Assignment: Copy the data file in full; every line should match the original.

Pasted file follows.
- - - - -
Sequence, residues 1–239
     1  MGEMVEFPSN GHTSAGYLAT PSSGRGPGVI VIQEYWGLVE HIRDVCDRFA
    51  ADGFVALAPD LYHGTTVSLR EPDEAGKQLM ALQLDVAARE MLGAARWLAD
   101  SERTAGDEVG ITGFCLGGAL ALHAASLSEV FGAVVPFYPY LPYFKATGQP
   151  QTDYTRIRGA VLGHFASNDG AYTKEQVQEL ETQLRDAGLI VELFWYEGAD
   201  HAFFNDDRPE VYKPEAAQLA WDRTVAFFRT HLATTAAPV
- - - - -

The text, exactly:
Sequence, residues 1–239
     1  MGEMVEFPSN GHTSAGYLAT PSSGRGPGVI VIQEYWGLVE HIRDVCDRFA
    51  ADGFVALAPD LYHGTTVSLR EPDEAGKQLM ALQLDVAARE MLGAARWLAD
   101  SERTAGDEVG ITGFCLGGAL ALHAASLSEV FGAVVPFYPY LPYFKATGQP
   151  QTDYTRIRGA VLGHFASNDG AYTKEQVQEL ETQLRDAGLI VELFWYEGAD
   201  HAFFNDDRPE VYKPEAAQLA WDRTVAFFRT HLATTAAPV